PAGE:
Talking Turkey on the Iberian question
Euro 2012 moments do not come more surreal than when sat drenched from rain in a small kebab eatery in Kharkov, the former Soviet capital of Ukraine, discussing with two Turkish customers and fellow football fans the state of the shish offerings and whether the Portuguese can win their Iberian derby and then defeat likely opponents Germany, on Sunday.
With dropped kebab debris mixing it up with the rain puddles on the establishment's floor, we three damp strangers overnighting in this weird Ukraine city on the Kiev-Donetsk road concluded that if Cristiano Ronaldo continues to sparkle, then yes, he could lead Portugal to an historic victory on Sunday. But have he, Pepe, Nani, et al, the gall and gumption to overcome the mighty La Roja, a team that is so good it does not appear to play with a striker, we mulled as we munched. All across Europe - and the football-watching world - such questions are being asked of this gripping tournament.
On my return journey from Donetsk, when the Iberian half of the Euro 2012 final equation will be known, I shall again pass through Kharkov, one of the host cities now winding down and lowering its prices (slightly) from the football frenzy. Here I shall stop over and watch in the fan zone the Italians play Germany. And I shall once more check into the Hotel Kharkov, where rudeness is a speciality and the receptionists are preparing for a spoonerisms' convention ... 'I asked if you have an extra towel - not scowl'. All this is from a Four Star Euro 2012 'Partner Hotel'.
You take the rough with the smooth on this eye-opening football tour and it's been a make and mend, clean and tidy day. My Land Rover has suffered a minor injury, a lost dust cap from the rear axle. Most likely it popped off in one of the many E40 highway potholes. It's not serious and some mild physio, aka African bush repairs, have been applied - a plastic bag secured with arguably the most important invention known to man other than the round ball, cable ties.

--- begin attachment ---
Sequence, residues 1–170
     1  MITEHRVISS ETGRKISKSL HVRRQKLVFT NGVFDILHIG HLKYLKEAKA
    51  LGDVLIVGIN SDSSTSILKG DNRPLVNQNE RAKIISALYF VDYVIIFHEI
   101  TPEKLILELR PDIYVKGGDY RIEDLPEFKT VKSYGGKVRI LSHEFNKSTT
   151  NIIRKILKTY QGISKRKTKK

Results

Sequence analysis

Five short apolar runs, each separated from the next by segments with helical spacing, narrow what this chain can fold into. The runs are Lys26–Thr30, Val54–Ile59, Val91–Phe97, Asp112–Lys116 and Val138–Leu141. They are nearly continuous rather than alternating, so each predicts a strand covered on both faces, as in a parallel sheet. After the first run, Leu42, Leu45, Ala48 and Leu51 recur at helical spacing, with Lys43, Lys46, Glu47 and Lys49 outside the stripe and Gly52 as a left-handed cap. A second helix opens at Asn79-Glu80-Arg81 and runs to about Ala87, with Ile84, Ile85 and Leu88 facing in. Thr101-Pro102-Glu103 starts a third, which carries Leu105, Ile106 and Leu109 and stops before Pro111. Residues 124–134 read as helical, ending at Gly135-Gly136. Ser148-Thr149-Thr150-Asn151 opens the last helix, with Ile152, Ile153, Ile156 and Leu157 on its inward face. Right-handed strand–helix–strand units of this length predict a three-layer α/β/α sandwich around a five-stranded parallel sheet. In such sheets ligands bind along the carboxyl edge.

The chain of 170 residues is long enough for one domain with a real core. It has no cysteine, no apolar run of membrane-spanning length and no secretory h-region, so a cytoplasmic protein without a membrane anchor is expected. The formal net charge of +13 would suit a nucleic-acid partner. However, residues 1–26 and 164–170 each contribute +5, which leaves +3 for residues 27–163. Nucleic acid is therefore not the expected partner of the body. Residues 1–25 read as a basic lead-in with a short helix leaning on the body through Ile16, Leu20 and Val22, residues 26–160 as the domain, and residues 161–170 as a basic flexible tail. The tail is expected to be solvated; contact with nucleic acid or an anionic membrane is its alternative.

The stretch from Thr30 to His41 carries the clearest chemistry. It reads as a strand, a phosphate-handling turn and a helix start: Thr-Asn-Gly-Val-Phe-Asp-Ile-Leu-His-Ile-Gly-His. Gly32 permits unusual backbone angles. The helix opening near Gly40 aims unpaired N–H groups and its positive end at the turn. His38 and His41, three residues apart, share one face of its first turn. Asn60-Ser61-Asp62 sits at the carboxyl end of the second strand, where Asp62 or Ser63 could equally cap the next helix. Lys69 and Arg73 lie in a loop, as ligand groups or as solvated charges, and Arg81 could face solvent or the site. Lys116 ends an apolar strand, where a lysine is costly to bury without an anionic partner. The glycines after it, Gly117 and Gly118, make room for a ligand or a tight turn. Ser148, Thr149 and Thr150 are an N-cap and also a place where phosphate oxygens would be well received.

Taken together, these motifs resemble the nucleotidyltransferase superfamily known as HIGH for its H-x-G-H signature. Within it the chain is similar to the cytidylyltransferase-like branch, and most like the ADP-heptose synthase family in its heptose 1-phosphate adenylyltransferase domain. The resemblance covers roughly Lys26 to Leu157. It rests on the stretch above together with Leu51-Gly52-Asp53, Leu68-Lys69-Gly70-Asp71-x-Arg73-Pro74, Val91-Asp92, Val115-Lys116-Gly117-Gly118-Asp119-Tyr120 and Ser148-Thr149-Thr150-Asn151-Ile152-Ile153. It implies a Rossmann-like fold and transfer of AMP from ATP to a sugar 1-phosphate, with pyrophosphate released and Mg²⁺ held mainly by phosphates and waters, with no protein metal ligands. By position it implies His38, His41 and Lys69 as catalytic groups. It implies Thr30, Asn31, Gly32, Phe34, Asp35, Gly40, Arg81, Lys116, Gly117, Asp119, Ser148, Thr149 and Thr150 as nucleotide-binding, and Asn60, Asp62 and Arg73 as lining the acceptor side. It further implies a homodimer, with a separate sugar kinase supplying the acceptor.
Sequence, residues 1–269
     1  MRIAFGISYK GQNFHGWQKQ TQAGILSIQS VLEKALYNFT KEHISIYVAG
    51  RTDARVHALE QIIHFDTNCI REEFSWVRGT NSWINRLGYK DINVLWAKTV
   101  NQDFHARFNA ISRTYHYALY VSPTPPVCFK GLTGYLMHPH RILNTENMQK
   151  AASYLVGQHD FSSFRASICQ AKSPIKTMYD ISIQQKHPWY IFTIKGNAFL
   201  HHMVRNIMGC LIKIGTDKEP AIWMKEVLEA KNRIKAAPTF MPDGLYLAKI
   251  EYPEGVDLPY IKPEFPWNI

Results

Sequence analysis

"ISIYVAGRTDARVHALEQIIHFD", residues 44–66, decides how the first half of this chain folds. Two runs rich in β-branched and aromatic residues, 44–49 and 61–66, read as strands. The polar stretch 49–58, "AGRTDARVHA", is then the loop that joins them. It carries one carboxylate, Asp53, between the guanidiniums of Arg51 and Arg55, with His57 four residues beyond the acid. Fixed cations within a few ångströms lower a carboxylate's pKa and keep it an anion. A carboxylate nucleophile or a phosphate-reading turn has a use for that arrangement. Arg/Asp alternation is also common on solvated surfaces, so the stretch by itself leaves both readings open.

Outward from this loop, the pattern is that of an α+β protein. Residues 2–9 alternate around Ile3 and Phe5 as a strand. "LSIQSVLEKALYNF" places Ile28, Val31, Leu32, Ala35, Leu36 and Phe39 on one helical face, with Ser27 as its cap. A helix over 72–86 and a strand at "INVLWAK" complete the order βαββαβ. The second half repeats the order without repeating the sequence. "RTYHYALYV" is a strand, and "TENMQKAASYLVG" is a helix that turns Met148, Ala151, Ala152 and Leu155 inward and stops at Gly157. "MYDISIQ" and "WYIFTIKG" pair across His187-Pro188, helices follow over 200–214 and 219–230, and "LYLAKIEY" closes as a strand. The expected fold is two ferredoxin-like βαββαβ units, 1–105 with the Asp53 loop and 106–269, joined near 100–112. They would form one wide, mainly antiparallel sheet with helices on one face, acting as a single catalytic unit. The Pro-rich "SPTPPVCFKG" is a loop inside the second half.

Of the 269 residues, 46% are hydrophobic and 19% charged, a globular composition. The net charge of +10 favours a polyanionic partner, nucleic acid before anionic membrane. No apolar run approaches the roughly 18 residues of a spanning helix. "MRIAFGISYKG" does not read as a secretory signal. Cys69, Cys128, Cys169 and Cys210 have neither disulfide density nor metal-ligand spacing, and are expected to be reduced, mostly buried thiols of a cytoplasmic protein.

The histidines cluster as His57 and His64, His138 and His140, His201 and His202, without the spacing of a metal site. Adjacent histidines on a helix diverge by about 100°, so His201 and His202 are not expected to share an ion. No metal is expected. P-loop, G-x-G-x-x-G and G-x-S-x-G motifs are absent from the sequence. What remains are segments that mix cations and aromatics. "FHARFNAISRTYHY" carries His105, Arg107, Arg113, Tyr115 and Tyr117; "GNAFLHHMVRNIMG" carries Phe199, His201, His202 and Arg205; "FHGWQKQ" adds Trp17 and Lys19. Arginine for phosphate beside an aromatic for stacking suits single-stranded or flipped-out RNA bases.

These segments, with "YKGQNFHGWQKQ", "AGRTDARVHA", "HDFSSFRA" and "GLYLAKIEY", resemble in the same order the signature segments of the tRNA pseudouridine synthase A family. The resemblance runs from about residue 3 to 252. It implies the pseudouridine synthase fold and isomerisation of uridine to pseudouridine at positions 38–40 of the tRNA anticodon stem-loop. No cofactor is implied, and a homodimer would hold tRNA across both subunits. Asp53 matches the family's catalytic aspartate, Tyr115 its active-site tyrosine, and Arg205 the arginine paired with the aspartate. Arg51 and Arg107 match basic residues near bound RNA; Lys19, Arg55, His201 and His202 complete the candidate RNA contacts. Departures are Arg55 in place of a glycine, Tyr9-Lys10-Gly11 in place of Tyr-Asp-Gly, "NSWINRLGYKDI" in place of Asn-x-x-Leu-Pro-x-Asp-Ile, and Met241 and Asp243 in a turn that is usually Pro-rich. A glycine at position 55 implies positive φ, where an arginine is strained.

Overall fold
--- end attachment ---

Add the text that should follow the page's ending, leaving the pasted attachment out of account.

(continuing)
My hotel bath is now full of soap suds as I undertake some laundry duties. I do not trust the in-house laundry service of former communist-run hotels. At a premier golf tournament two years ago in China, the laundry staff lost my shirts and when I took advantage of the free shoe shine, my highly expensive handmade English brown brogues were returned black. How I pine for Warsaw and Camp Wok's laundry operation with its 1000rpm tumble dryer and steam iron and stainless steel sink. What a shame it is I did not return there for a semi-final. Curse you, England!
But I just couldn't face another helping of German invincibility - not just yet. Many claim Germany has defensive flaws and will run out of steam. What tosh. I believe I know the outcome of tonight's semi-final in Poland - and the final. I am willing to bet all my washing pegs on a German win and final triumph.
Danish coach Morten Olsen thinks likewise and I would place my trust in a Viking ahead of a BBC or ESPN pundit. 'I would say that Germany are going to win the Euros,' Olsen said. 'The Spaniards have been convincing as far as possession of the ball is concerned, but the Germans create chances more easily. Both teams have incredible offensive qualities, but Germany's game is more dynamic.'
Maybe we'll not see a similar thrashing of Greece, but I am sure Cesare Prandelli's gladiators will find their swords and other bludgeoning tools no match for Joachim Loew's elite and highly disciplined legionnaires.
Germany midfielder playmaker Bastian Schweinsteiger is fit, and this will add to the Azzurri's doom - more so as they are giving intensive treatment to three players ahead of the match. But even if fit, if the Italians can only beat a poor England thanks to poor English penalty taking, you are treading rather dangerously on Ukrainian turf. I can recommend cable ties as a temporary cure to hold Italian dreams together, but I not sure even they would last 90 minutes of German pressure.
As I prepare to check out of the hotel and be sent on my merry way to Donetsk with one final grunt from reception, it is time I mentioned the other flaw in my trusty steed. In an earlier dispatch I noted my vehicle is noisy and draughty. But, as witnessed yesterday, when there is a perfect gathering of speed, curve of the road and slant of the rain and wind, it leaks like a sieve.
Thus, the colours of the Xinjiang rug I had put into the rear camper space for added home comfort have run slightly, tainting a couple of my T-shirts into retro 1970s fashion. I shall try and plug the leak with the bathroom sealant I keep stored for such emergencies. But the repairs shall have to wait until the dye is cast and the colours of Sunday's final pairing are known.